Cyberpunk 2077 Is a Lesson in How Not to Release a Game

Game Publishers, take notes, there will be a test!

Cyberpunk 2077 Is a Lesson in How Not to Release a Game 1

CD Projekt Red’s Cyberpunk 2077 has been one of the most highly anticipated games of the year as it has been in development for roughly eight years, featuring countless delays including 3 delays in 2020 alone. On December 10, the game was finally released to the public to mixed reviews and quite a few opinions. With a game in development for so long, it was expected that it would run on all the platforms it was released on with minor to no issues; however, numerous bugs and crashes across all platforms made the experience less than enjoyable for most players.

Could it get any worse? Well, if you have access to the World Wide Web, then you know it did get worse. Developers on the game started to lash out towards management and there were numerous stories online regarding CD Projekt Red’s forced crunch tactics. The game has received a lot of negative press and the game is pretty much unplayable for the majority of console players who play on the base PlayStation and Xbox systems. To add even more salt to the CD Projekt Red’s wound, the game was pulled from Sony’s PSN Store and Microsoft has stated they will refund any dissatisfied players and have put a disclaimer in their digital store as to the issues that are occurring with the game.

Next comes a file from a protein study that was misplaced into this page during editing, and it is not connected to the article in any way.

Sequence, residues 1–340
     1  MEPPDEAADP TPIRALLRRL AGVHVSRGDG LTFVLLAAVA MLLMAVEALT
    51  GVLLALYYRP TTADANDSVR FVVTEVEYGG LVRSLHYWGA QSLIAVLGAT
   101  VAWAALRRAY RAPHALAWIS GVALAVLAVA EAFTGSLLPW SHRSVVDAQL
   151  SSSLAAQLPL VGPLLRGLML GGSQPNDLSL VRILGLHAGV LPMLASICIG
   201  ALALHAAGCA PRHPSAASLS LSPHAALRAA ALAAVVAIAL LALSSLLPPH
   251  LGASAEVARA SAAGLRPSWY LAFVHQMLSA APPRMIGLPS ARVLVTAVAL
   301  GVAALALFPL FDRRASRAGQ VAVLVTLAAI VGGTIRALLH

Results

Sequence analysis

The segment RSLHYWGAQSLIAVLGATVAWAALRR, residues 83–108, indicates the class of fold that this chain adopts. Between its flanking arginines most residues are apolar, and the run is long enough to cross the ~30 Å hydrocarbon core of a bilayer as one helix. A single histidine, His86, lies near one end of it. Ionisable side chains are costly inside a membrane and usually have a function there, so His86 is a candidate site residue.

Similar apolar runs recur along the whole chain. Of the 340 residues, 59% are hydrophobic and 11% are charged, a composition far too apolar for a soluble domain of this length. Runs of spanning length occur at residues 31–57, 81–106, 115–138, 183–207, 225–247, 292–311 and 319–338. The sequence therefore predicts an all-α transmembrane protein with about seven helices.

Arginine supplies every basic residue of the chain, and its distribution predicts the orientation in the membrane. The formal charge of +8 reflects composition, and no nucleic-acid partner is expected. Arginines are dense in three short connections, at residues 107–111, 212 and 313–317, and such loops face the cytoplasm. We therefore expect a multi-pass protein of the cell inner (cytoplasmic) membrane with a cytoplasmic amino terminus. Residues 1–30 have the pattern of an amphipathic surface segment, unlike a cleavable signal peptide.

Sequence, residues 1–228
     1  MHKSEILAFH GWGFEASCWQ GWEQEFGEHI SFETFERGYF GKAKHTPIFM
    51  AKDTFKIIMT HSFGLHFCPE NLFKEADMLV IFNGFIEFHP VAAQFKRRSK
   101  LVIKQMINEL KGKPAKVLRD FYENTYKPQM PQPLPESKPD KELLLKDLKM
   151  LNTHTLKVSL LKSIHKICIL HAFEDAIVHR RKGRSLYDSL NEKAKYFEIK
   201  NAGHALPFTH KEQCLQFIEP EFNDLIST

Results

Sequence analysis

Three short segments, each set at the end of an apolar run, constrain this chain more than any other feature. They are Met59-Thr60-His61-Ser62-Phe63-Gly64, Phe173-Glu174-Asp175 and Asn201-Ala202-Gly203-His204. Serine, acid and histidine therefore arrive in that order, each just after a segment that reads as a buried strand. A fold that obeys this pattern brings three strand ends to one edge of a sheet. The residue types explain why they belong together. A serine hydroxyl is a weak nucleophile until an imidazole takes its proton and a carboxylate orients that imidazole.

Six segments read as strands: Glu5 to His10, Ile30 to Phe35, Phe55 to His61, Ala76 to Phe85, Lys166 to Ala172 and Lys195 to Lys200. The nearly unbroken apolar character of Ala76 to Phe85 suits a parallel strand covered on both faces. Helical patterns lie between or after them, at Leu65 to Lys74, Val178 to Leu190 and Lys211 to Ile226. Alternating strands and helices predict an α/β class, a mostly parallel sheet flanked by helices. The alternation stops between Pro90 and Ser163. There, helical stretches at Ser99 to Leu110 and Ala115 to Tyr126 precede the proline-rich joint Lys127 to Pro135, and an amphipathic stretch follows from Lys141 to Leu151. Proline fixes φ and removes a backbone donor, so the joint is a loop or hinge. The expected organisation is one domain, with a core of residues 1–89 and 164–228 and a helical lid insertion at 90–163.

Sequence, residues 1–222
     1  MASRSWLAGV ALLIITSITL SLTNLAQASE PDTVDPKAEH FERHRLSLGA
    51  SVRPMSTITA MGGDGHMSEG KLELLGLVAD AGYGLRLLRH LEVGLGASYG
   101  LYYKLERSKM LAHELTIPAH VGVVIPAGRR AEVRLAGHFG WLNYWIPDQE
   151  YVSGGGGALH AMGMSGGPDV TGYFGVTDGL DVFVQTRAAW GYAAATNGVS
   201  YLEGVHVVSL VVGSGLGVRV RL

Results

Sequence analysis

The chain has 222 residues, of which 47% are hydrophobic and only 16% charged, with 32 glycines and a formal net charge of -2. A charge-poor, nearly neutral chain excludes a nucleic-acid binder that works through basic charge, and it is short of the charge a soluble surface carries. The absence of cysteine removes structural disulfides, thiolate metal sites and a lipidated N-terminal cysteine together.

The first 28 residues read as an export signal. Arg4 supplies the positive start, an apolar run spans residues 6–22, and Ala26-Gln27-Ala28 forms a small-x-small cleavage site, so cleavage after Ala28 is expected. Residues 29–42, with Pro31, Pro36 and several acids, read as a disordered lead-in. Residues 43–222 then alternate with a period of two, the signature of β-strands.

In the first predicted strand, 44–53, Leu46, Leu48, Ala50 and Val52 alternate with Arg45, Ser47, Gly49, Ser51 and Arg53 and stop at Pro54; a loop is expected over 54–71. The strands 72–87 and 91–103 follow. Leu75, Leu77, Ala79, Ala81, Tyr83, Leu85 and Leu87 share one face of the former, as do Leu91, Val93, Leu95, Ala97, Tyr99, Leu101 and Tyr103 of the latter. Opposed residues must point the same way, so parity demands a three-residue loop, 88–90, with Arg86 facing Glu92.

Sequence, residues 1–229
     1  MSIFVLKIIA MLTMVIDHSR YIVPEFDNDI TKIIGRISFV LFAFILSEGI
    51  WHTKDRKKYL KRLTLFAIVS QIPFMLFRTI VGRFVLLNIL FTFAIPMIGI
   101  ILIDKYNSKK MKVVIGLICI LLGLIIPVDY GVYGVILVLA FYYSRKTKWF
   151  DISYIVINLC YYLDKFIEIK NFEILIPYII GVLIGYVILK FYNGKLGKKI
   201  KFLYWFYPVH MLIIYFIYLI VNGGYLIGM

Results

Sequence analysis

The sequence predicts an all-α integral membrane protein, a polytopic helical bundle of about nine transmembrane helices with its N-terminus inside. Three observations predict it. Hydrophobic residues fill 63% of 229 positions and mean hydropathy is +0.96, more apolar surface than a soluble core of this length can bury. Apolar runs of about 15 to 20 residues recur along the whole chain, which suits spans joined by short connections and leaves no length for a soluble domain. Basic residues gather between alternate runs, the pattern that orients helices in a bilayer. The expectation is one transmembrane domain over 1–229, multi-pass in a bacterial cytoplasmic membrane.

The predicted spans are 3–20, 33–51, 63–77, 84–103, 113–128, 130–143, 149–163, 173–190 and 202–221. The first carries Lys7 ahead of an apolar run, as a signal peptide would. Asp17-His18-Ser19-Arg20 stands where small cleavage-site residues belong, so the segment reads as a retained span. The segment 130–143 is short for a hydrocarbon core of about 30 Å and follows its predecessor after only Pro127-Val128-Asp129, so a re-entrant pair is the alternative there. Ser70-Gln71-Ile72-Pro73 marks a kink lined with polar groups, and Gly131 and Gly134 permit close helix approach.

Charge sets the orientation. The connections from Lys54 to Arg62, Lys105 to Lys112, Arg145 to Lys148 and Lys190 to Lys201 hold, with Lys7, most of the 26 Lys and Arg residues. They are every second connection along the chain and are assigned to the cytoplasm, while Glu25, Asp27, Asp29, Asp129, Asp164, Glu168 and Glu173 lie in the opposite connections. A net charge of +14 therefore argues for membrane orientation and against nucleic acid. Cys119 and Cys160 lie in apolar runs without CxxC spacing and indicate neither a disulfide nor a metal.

How did one of the most high-profile titles of the year go so horribly wrong? Overall, it seems as though Cyberpunk 2077 has done everything wrong in terms of how to release a game. And is a perfect example of “what not to do”.

Cyberpunk 2077 Is A Lesson In How Not To Release A Game
Cyberpunk 2077 – CD Projekt Red

Bugs and Glitches

Even after a day one patch upon the games release, numerous bugs and glitches were still being reported. So much so that #Cyberbug2077 was trending on Twitter. If you are a PC gamer, things were not as bad as Xbox One or PS4 players, but there was absolutely no excuse for the extreme amount of bugs that were occurring. Issues that were noted included images downgrading {decreased detail) during the game and characters becoming unrecognizable to continuous crashes, both system and in-game levels.

The question then becomes, if the game was full of bugs and glitches then why was it released? Personally, I believe CD Projekt Red had to release it after the continuous delays in 2020, and with the next generation consoles already in the hands of gamers. Even so, this does not excuse the fact that the game was released so unplayable that now it has been removed from being purchased online and refunds being issued. While there are promises from CDPR that patches will be coming to fix any issues, including one big one in January and one big one in February, the fact remains the same that the game was released too early to the public.